There are 450 small companies in Calgary, and the market ought to scrape a zero off that number. It ought to go back to 45, although it wonít because the marketís not that efficient. However, it could easily go to 150 from 450

Three years from now, when the gas price goes from $6 to $9 or $10, those 150 survivors will enjoy the dramatic reversal of their leveraging ability. The bank that this year valued reserves based on $6 will now extend credit based on $10, and everything that they wrote down, they write back up.

I see a truly spectacular opportunity, itís going to be an opportunity that only the courageous and patient of your subscribers will benefit from.

SI: Thatís the kind of subscriber we want.

RR: Thatís fantastic. The opportunity in the sub-$250 million market cap market in the Canadian natural gas industry from my point of view is absolutely superb. I see a situation where a carefully chosen portfolio, particularly to the extent that your customers can participate in private placements, will increase by 250 or 300 percent over 3 years. Magnify that with a warrant, and youíre talking about 400 percent internal rates of return over three years.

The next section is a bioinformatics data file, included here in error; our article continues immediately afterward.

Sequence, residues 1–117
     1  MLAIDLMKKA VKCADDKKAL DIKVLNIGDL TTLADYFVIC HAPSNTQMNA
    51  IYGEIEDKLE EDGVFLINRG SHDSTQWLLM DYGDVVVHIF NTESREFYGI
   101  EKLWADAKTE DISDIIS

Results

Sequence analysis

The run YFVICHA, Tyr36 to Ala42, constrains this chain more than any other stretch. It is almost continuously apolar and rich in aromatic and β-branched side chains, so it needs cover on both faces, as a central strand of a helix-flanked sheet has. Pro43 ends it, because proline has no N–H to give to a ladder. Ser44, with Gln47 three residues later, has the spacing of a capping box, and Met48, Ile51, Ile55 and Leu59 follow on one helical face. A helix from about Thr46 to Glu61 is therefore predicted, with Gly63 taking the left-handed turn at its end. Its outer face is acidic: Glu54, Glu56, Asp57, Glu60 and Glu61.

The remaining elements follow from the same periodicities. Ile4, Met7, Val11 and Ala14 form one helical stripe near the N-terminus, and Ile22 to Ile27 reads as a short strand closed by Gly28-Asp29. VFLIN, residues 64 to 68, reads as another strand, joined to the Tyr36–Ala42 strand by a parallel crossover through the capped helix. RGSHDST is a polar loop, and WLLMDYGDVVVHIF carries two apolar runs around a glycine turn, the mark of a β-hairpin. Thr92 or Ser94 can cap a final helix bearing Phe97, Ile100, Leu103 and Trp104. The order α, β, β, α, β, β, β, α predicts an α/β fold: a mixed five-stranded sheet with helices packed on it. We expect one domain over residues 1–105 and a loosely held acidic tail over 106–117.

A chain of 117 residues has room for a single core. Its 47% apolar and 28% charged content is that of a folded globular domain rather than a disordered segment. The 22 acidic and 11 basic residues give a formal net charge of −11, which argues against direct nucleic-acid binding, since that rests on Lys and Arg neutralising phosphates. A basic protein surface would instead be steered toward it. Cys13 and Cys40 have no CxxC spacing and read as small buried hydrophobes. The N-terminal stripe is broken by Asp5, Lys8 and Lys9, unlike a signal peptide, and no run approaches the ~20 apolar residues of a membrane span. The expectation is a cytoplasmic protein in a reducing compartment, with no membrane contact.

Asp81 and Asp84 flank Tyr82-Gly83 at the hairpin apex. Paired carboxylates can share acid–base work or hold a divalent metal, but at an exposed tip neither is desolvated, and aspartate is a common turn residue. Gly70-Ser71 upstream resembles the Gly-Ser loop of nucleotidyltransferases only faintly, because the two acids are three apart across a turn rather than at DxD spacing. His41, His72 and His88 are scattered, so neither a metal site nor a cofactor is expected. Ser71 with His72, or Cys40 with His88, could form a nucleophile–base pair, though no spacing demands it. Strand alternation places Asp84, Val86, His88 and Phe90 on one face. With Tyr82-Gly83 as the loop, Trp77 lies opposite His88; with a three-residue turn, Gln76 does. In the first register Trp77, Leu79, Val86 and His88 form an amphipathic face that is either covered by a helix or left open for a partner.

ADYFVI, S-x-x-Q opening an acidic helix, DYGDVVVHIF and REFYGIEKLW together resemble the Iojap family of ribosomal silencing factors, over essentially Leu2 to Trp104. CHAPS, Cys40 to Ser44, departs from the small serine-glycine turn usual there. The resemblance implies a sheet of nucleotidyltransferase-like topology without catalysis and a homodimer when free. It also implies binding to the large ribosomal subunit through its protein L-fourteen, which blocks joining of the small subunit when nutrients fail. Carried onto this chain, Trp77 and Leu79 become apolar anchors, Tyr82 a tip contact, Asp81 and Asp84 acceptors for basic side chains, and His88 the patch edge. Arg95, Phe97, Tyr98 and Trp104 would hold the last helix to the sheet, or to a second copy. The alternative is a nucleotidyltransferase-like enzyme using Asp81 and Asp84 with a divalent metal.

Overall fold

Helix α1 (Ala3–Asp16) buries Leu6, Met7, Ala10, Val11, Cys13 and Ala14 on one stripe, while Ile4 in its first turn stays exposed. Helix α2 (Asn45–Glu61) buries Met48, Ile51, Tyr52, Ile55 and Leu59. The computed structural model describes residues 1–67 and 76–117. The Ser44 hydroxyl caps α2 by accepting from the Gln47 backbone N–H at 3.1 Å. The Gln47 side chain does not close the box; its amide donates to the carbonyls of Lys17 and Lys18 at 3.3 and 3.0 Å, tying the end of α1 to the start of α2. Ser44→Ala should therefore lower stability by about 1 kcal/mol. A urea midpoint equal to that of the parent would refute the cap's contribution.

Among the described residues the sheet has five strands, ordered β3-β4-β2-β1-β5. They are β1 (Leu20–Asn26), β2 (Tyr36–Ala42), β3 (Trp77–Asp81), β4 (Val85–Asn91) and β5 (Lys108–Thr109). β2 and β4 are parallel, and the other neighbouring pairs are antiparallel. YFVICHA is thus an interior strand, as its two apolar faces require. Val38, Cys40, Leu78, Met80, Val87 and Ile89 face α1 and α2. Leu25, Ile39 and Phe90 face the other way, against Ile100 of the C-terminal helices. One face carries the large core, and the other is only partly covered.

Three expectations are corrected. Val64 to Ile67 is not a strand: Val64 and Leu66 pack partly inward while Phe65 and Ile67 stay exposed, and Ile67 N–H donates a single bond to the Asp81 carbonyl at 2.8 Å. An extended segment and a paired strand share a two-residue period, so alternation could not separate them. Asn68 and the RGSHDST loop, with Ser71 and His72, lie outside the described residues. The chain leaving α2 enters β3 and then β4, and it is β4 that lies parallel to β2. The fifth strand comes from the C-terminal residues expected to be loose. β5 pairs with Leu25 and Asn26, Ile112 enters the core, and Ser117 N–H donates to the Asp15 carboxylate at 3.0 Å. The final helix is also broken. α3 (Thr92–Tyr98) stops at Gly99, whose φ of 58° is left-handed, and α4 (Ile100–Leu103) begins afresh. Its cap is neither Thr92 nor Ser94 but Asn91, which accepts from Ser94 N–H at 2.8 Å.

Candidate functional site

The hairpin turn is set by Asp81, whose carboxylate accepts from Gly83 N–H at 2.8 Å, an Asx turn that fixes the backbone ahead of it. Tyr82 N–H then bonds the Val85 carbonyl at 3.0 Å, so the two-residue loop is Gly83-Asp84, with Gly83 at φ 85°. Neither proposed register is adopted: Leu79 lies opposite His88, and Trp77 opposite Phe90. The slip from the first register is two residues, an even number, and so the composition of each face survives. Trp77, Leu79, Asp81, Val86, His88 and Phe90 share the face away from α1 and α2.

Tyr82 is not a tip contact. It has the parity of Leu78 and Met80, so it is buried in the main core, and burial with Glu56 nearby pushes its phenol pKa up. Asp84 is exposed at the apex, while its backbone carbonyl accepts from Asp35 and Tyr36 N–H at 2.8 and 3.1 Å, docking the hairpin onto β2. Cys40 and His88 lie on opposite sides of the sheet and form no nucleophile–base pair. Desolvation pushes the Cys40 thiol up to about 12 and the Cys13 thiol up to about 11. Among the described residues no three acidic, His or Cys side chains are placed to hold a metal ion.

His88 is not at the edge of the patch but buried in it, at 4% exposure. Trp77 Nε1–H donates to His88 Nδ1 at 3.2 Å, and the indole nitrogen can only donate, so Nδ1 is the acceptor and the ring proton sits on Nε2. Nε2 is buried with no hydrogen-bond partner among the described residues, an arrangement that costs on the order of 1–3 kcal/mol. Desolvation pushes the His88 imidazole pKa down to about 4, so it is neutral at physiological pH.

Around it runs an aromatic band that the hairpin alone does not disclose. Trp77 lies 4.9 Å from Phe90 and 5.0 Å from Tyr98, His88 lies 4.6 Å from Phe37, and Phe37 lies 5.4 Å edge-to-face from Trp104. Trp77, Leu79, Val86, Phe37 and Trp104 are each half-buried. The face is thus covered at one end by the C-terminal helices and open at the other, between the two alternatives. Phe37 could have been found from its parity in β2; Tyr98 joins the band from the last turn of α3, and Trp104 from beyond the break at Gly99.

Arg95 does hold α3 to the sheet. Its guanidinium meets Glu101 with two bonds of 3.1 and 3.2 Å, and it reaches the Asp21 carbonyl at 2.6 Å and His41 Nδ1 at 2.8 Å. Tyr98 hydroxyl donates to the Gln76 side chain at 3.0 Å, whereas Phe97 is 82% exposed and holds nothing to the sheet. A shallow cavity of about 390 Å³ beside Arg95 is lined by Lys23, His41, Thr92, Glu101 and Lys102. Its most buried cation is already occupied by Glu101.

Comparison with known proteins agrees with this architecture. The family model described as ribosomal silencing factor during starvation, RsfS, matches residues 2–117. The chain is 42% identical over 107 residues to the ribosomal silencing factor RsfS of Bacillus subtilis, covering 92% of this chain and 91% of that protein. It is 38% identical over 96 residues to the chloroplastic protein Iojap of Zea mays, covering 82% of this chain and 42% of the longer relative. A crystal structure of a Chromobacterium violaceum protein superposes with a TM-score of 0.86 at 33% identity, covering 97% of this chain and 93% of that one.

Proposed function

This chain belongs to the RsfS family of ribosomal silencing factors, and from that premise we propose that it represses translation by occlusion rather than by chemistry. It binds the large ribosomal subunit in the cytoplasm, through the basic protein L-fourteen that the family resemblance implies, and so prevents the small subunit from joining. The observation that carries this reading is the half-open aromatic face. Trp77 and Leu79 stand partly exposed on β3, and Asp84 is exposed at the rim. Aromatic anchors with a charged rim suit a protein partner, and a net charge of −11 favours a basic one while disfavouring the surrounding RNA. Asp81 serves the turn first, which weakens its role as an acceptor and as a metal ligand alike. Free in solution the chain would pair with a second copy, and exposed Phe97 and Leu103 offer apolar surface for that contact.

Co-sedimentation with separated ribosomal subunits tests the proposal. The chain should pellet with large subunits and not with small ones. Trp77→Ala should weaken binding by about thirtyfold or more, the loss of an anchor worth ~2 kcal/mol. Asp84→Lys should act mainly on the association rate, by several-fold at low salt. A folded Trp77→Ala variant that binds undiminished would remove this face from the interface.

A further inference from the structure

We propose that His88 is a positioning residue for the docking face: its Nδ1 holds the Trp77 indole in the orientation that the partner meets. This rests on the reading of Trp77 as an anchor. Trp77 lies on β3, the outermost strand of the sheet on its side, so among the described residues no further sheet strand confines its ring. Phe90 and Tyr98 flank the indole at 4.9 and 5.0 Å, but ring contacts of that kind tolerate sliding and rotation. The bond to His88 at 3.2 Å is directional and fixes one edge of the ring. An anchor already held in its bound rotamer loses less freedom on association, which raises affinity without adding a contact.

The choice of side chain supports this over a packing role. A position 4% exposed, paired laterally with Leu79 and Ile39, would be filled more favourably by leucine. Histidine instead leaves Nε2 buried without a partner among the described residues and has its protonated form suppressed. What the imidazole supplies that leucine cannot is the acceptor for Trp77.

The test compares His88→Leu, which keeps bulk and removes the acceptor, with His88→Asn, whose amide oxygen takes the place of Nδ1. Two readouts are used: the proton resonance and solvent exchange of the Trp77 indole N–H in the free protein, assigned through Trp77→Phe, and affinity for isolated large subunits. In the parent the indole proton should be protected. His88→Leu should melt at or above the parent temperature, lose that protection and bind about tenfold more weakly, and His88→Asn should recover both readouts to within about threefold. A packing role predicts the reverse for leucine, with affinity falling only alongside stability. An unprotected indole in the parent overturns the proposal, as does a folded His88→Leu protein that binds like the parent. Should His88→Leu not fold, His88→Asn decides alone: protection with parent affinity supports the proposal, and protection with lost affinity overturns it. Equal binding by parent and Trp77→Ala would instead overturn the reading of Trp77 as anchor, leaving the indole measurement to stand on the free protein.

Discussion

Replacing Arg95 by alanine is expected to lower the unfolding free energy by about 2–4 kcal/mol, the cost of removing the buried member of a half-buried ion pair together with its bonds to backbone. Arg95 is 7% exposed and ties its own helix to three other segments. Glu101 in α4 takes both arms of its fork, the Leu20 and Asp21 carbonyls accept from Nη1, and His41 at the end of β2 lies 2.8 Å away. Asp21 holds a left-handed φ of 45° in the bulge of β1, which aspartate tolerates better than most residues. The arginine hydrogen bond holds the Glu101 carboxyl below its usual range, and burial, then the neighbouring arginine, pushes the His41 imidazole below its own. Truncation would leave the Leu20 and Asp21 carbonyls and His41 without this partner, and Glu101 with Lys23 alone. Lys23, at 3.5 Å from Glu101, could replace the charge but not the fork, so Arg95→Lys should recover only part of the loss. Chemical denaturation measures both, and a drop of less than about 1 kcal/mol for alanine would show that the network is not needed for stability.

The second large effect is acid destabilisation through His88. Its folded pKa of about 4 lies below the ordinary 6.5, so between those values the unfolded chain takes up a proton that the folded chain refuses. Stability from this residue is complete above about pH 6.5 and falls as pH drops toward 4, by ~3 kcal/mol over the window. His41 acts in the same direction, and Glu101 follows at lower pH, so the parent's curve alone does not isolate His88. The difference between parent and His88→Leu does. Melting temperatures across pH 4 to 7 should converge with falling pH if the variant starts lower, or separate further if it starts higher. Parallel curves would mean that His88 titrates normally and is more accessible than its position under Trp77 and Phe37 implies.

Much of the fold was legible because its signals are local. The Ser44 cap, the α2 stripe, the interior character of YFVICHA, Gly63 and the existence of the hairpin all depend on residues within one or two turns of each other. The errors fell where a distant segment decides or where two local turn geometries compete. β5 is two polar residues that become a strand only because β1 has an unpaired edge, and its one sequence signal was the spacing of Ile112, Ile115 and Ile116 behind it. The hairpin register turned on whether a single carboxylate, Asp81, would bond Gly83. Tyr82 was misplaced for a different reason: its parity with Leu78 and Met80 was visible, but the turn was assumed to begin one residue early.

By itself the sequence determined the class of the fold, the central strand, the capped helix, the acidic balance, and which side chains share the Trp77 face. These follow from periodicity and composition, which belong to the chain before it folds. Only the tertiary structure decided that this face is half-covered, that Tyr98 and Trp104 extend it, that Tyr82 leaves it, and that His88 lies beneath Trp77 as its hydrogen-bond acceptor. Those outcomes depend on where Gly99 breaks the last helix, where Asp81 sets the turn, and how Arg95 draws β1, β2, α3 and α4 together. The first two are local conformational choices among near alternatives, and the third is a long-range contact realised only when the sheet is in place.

SI: Right, but letís not overlook the risk. There is still an appreciable downside risk, of an unknown amount, perhaps 30 to 40 percent?

RR: The fact is that speculators who are involved in sub-$250-million market cap companies naturally expose themselves to risk whether they want to or not to potential downside.

That said, the juxtaposition of risk to reward to me is incredible. I see no way at all that supply wonít be constrained dramatically and I see no way that demand wonít increase dramatically. If you have a situation where declining supply hits increasing demand, as we saw in the U.S. post Katrina, natural gas prices can triple. Iím not forecasting anything like a tripling, Iím being much more modest, but Iím forecasting a 80 percent to 100 percent increase.

SI: Good times ahead! Rick, my thanks for a truly fascinating discussion. I hope next time you return from you travels that I can have another chance to share your thoughts with my subscribers!

RR: It was a pleasure, Jack. As you can tell, I love to talk about natural resources. Weíll do it again.